"One of the benefits of stevia is that it can be used by diabetics without causing increase in carbohydrate load and thus not increase blood glucose levels—which is the same either pregnant or non pregnant," Dr. Jones explains. "Like traditional sugar, stevia is heat stable and pH stable, so it can be used in cooking and baking, giving people other options for sweetening foods."

What's more, stevia's glycosides do not raise blood sugar levels, so stevia-sweetened drinks and desserts are suitable for anyone with diabetes, Dr. Vishnumohan adds. "The body does not extract any calories as the human body does not metabolize the sweet glycosides, and they pass through and are eliminated."

Risks of Stevia During Pregnancy

Even though stevia is recognized as generally safe during pregnancy, it is still important to use restraint when consuming it or adding it to foods. As with anything in pregnancy, moderation is always the best route, Dr. Jones says.

"Experts do not feel using stevia as a sweetener or to flavor foods will cause any adverse side effects," he says. "Some people can be gastric sensitive to stevia, and might experience cramping, bloating, and nausea—but this is rare."

Stevia also can act like a diuretic with the kidneys, Dr. Jones adds. Consequently, if you consume it in high doses—which would be more than typical flavoring or sweetening of food—you might experience dehydration or lower blood pressure. But, this is unlikely to occur with normal usage.

It is also important to remember that just because stevia originates from a plant, that does not mean you are purchasing a completely natural version in the store, Dr. Vishnumohan says. "You are buying a laboratory version, in which the sweetest components are extracted and dried into crystals. Food manufacturers often blend stevia with bulking agents like maltodextrin and other sweeteners to improve the texture and make it palatable, so be sure to read the label."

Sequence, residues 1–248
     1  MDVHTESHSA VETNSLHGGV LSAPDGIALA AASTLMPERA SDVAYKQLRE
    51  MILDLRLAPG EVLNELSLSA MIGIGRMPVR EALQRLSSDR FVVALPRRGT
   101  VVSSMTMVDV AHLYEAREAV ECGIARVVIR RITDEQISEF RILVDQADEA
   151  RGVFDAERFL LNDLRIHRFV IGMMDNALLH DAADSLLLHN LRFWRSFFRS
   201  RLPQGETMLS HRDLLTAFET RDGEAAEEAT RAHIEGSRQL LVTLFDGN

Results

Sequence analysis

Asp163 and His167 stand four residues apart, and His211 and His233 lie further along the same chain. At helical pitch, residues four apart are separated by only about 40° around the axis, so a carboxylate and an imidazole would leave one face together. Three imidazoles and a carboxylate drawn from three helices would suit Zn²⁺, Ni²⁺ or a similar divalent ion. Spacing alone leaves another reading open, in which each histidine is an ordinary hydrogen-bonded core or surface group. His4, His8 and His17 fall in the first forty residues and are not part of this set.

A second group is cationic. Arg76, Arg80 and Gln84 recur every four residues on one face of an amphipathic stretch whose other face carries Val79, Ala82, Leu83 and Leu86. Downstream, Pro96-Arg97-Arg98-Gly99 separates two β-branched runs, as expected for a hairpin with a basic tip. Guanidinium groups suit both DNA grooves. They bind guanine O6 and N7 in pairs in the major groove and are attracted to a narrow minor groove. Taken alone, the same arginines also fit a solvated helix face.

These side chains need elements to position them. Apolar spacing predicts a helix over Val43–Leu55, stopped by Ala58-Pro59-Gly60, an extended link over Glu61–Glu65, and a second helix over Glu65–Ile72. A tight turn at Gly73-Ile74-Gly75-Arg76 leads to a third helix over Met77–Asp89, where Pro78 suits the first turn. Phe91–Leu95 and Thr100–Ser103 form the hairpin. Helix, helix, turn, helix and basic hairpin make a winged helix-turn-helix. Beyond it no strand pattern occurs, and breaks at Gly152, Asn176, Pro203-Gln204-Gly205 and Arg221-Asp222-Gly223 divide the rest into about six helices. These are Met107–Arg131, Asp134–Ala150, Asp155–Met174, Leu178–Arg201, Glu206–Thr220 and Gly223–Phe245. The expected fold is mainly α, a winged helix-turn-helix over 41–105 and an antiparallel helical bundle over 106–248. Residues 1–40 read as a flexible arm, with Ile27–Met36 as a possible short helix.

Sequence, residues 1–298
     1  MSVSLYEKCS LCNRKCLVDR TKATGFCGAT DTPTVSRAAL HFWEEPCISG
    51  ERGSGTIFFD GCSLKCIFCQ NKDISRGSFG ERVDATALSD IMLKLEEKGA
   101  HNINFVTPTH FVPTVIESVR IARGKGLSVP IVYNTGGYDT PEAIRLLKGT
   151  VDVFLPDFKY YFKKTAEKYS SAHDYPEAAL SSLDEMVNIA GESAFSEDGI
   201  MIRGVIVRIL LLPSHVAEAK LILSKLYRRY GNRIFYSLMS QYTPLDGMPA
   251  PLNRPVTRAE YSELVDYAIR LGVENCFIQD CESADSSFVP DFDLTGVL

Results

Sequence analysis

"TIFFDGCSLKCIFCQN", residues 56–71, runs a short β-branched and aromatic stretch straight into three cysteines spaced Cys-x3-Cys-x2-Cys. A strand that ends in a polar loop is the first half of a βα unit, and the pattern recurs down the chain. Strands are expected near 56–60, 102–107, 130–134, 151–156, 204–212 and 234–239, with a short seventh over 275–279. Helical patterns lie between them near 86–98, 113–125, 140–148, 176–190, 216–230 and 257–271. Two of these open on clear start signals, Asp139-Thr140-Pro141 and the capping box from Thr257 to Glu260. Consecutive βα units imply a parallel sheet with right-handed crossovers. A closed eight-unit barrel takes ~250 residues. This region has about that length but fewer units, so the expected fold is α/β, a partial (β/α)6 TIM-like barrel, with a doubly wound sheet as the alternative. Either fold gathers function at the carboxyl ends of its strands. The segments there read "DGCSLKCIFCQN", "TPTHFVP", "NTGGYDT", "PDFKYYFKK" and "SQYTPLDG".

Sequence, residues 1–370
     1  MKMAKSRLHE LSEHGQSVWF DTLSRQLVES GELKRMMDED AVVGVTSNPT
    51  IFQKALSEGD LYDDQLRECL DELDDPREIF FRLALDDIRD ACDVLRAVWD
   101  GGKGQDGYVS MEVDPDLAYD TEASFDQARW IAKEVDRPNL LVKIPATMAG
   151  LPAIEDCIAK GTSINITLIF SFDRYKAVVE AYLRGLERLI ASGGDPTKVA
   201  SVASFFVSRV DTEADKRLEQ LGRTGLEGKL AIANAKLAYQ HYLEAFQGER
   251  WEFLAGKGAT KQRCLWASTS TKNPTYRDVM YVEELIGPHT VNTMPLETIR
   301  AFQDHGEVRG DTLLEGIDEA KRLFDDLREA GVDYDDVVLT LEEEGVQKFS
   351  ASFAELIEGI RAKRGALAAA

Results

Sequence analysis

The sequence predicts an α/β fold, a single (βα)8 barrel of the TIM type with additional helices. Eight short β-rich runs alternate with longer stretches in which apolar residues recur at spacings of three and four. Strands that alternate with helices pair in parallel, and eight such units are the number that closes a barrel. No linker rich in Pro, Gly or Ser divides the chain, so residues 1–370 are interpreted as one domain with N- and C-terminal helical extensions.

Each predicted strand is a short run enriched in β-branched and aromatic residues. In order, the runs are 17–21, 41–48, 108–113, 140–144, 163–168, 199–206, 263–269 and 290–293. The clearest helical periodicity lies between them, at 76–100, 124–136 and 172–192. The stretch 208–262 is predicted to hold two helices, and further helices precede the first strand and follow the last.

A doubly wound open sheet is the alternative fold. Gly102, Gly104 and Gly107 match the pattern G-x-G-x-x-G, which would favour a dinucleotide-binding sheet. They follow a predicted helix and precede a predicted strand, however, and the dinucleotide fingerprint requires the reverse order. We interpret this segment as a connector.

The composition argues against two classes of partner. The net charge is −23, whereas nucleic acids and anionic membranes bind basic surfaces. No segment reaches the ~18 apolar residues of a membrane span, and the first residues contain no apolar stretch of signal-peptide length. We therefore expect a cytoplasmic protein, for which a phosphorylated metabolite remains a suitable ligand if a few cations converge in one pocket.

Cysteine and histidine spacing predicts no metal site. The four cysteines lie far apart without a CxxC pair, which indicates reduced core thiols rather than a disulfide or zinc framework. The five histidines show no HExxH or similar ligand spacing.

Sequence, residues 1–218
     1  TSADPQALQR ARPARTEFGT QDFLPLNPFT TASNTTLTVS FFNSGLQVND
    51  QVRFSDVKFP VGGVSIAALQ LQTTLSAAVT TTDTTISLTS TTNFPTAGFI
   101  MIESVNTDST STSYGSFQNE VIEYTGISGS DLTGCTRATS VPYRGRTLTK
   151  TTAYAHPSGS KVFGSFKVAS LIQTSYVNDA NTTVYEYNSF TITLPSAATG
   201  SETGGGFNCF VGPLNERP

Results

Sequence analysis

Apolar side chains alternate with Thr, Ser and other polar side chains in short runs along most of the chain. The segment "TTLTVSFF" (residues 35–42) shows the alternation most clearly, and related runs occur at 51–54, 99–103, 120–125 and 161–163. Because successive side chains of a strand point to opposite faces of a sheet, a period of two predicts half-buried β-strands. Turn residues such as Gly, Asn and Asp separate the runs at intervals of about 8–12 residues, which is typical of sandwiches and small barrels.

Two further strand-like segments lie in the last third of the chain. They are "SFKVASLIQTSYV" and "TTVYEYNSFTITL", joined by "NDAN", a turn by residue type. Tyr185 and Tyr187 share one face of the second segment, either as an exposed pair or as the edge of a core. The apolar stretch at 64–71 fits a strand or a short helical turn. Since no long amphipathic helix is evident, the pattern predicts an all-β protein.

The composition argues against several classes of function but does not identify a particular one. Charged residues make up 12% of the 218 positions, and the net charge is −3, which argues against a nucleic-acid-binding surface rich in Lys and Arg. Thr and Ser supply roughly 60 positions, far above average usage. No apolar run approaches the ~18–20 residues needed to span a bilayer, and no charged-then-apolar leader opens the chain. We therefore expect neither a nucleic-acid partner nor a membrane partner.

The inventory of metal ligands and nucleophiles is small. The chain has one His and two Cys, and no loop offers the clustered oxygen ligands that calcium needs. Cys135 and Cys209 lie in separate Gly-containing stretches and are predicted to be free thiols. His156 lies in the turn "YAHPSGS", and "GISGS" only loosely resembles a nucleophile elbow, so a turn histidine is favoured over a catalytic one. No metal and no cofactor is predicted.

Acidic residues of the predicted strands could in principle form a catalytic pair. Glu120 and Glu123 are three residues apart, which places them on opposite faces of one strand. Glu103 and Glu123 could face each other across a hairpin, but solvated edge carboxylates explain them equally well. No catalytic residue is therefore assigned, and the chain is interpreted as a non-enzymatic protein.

There also is a chance that artificial sweeteners can impact your gut microbiome, which is linked to immunity, weight regulation, mental health, and more, Dr. Vishnumohan adds. "But we don’t have any high-quality information on the impact of stevia, and the answer is not straight-forward since the evidence is incomplete."

Because clinical studies on the effects of sweeteners like stevia during pregnancy are limited, it is important to carefully consider how much you are eating each day. This approach is especially important if you have gestational diabetes and are watching your blood sugar levels.

"[Even though] stevia does not contain calories or cause fluctuations in blood sugar, it is important not to lose sight that other ingredients in the recipe can contribute to spikes in blood sugar," Dr. Vishnumohan adds.

Related: Gestational Diabetes and Premature Birth

What to Discuss With a Healthcare Provider

Whether you are in the beginning weeks of your pregnancy or entering your third trimester, eating a balanced diet is the best approach to keeping your body healthy and preparing an optimal environment for your baby.

If you are unsure how to address your nutritional needs during pregnancy, or if you are not sure if stevia-sweetened treats are right for you, it it important to talk to a healthcare provider about your concerns. Not only can they provide you with guidance given your medical history and nutritional needs, but they also can connect you with a prenatal dietitian for further direction if needed.

No matter your situation, it is always a wise approach to limit stevia-sweetened foods in pregnancy, Dr. Vishnumohan says. "For a sweet treat go for the real deal—use a banana or dates to sweeten your dessert. Swap diet soda for lemon slices in sparkling water. Even unsweetened Greek yogurt topped with berries and dark chocolate (85% cocoa) can taste sweet. Give it time. Your taste buds will recalibrate and your gut microbes will thank you."

Read Next: Nutritional Tips During Pregnancy

Read the original article on Verywell Family.